Buying Quality Jewelry, Part 3 – Pearls
Everybody’s heard it, and it is nevertheless true–no woman can go wrong wearing basic black and pearls. While the right “little black dress” may vary from woman to woman, what makes a good pearl is pretty universal. Since prehistoric times, few things have compared to the elegant beauty of smooth, sleek pearls. They are also versatile; pearl jewelry is equally appropriate with a couture gown at a formal ball or with jeans and a blouse at lunch with friends.
For the record, pearls are jewels, but not gems. Gems are mineral crystals produced inside the Earth; pearls are natural articles most often produced by oysters. They form when a nucleus (a speck of food, usually) gets caught in the oyster and is coated with nacre or mother-of-pearl. The longer the irritant stays in, the more nacre coats it and the bigger the pearl. Layers of nacre mirror light in a rare way, giving pearls their characteristic glow.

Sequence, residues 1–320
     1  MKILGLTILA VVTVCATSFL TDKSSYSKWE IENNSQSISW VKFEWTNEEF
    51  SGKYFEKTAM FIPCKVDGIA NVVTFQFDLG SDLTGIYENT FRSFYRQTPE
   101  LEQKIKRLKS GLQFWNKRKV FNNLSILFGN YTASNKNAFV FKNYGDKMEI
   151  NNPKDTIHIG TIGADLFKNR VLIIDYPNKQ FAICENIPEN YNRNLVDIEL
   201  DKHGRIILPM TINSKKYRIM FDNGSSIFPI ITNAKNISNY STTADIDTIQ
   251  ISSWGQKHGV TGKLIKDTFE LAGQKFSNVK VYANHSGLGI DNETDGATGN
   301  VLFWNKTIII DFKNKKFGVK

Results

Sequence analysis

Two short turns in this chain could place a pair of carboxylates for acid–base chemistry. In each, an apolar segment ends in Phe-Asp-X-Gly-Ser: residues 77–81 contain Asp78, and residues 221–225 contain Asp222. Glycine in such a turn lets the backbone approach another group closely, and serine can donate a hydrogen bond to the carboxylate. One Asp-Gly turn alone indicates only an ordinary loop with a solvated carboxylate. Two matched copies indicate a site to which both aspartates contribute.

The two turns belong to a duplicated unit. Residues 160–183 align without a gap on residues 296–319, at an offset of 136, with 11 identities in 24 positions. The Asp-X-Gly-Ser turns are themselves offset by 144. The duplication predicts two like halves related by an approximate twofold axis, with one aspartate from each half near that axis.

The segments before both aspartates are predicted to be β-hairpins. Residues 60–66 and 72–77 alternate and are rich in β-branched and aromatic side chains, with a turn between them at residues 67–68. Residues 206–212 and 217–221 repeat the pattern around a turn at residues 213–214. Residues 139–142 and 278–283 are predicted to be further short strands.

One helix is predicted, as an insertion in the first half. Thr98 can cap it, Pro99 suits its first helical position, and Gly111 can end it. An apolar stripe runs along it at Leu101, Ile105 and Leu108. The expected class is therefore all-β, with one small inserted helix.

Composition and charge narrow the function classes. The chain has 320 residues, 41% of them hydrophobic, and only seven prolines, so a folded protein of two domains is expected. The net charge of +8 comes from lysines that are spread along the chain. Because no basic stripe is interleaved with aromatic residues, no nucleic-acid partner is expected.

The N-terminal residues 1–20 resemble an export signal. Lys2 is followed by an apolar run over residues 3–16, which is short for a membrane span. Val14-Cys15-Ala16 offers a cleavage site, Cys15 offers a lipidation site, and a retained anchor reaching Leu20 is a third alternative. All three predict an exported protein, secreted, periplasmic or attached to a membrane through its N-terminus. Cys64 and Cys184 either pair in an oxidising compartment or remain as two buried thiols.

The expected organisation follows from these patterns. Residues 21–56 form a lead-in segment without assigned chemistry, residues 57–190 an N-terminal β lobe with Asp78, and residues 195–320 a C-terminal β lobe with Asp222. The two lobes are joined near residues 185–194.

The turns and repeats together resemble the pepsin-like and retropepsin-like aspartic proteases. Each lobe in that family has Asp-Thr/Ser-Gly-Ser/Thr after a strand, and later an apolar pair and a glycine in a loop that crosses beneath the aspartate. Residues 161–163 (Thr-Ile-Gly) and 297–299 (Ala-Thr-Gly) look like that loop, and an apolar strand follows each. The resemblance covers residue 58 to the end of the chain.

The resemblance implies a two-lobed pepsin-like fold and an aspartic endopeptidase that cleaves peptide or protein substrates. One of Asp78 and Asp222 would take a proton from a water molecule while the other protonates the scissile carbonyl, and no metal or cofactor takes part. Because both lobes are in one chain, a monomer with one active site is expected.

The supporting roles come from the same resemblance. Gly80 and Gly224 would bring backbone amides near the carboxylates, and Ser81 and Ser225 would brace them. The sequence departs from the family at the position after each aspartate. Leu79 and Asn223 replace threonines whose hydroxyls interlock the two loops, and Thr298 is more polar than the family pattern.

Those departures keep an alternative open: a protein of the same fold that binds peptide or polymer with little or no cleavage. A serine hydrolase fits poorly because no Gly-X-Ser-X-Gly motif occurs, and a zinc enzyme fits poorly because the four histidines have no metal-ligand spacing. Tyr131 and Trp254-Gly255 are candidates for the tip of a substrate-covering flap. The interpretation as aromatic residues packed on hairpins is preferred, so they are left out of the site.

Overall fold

Mollusks are found all over, but produce so few jewelry-quality pearls that natural pearls were limited to kings and merchant princes as gifts to wives, money to friends or bribes to enemies! Today, most modern jewelry consists of cultured pearls. They are real pearls in every sense and more affordable because finding them isn’t luck–pearl farmers implant a nucleus in an oyster, instead of waiting for it to happen on its own.
To prevent over-fishing, harvesting natural pearls has been outlawed in many countries, but natural pearls are nevertheless obtainable, most often in vintage jewelry, also called antique or estate jewelry.